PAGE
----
Prisoner One And Prisoner Two

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Status: Finished  |  Genre: Literary Fiction  |  House: Booksie Classic
The story of a lonely prisoner of twenty years destined to die alone in an 18th century dungeon cell. The prisoner finds a new zeal for life when he learns that he will be receiving a new cellmate in a month's time. He instantly embarks on a self-appointed mission to prepare the spiffiest dungeon cell the new prisoner has ever seen.

Submitted: September 11, 2013

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Submitted: September 11, 2013

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PRISONER ONE AND PRISONER TWO

by Jeff Tully

After twenty years of imprisonment Prisoner One is still a relatively young man. In a cell occupied only by him and various scurrying creatures Prisoner One receives news from his detestable keeper, The Warden, a vile excuse for a man with a seemingly endless reservoir of phlegm. This pock-marked boil delivers upon Prisoner One the news that he will be host to a cell mate in one month.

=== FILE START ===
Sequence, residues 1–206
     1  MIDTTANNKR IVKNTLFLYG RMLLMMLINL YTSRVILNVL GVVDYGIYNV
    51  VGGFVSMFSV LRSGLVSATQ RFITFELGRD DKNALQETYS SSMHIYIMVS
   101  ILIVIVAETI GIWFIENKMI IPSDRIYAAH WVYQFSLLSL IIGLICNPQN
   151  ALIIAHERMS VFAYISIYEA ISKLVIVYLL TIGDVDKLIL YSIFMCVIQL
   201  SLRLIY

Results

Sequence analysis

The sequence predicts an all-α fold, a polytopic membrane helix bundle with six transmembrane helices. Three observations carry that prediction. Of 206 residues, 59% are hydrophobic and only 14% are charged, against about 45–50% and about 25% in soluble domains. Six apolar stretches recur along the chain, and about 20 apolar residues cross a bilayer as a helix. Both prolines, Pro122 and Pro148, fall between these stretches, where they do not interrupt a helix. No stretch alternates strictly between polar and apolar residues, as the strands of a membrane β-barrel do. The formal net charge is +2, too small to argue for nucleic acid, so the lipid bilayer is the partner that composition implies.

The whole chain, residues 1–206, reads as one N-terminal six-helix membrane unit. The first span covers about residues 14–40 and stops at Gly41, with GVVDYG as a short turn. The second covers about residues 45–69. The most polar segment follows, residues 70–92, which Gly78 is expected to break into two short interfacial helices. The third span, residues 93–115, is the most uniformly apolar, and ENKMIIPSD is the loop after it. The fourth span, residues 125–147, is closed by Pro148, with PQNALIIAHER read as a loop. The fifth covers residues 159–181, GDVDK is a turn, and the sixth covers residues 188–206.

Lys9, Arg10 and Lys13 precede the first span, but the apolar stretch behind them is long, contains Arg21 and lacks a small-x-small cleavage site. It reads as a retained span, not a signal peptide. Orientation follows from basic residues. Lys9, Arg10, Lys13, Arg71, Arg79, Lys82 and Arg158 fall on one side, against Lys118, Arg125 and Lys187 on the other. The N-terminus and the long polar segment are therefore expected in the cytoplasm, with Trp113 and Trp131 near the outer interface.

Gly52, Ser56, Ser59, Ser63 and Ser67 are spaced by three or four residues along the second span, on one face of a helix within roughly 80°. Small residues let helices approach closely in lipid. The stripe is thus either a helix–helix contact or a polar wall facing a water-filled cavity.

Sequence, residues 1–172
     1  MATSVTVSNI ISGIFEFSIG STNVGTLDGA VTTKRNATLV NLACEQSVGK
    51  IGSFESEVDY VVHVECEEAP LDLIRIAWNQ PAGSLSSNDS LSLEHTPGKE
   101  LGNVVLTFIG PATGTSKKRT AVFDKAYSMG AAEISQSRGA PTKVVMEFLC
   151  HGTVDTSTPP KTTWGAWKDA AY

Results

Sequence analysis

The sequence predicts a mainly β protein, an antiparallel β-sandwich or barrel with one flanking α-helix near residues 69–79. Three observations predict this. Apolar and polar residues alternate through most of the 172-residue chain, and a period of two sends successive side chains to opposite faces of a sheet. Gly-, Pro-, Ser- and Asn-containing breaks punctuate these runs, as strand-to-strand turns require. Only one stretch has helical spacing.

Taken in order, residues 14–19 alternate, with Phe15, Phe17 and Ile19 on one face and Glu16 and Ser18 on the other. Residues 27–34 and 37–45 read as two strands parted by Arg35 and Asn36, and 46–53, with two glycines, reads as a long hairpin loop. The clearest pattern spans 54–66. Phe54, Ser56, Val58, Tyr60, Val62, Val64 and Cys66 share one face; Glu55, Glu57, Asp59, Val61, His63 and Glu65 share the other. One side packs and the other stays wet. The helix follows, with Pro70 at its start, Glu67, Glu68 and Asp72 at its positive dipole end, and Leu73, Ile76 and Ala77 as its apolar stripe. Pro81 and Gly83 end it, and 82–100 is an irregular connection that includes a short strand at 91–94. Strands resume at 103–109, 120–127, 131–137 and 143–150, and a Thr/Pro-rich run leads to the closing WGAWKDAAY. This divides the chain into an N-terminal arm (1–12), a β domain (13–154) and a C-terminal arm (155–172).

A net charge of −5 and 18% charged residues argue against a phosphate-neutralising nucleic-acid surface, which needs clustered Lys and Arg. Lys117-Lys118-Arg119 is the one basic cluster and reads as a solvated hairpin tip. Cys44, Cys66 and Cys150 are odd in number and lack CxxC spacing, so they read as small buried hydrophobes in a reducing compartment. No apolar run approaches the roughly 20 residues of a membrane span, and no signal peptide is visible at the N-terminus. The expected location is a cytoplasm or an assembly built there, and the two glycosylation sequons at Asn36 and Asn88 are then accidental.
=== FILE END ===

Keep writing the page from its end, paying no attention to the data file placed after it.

"One month?" …Prisoner One recounts feverishly to the mice. Prisoner One, not completely certain if he knows how long one month even is anymore, tries to tackle the equation. His brain gnaws on the now abstract concept of time. "I do not get fed daily, that is for certain, for I have been told that much." "How long do you suppose a man can go without eating?” Prisoner One asks of the spider knitting a structure as immense and complex in design as any cathedral. The spider stops his project and considers Prisoner One's question for a moment. Prisoner One nods in agreement, "Yes, of course no more than three or four days. So then how many sets of four in a month spider?"  The industrious spider does not stop his work this time. "No, I don't know which month this is you silly thing. We will assume this is a thirty day month." Prisoner One puts a knee to the ground and carves numbers frantically into the floor of his cell that most would call soil. "Why that comes out to be little over seven days for me spider!" Prisoner One shrieks as he springs up from the floor, one hand stretching to his companion the spider. In one quick movement Prisoner One tears down the Spider's testament to superior spider architecture. Spiders all over the countryside still talk about the disaster. There is talk that a monument will be built in remembrance.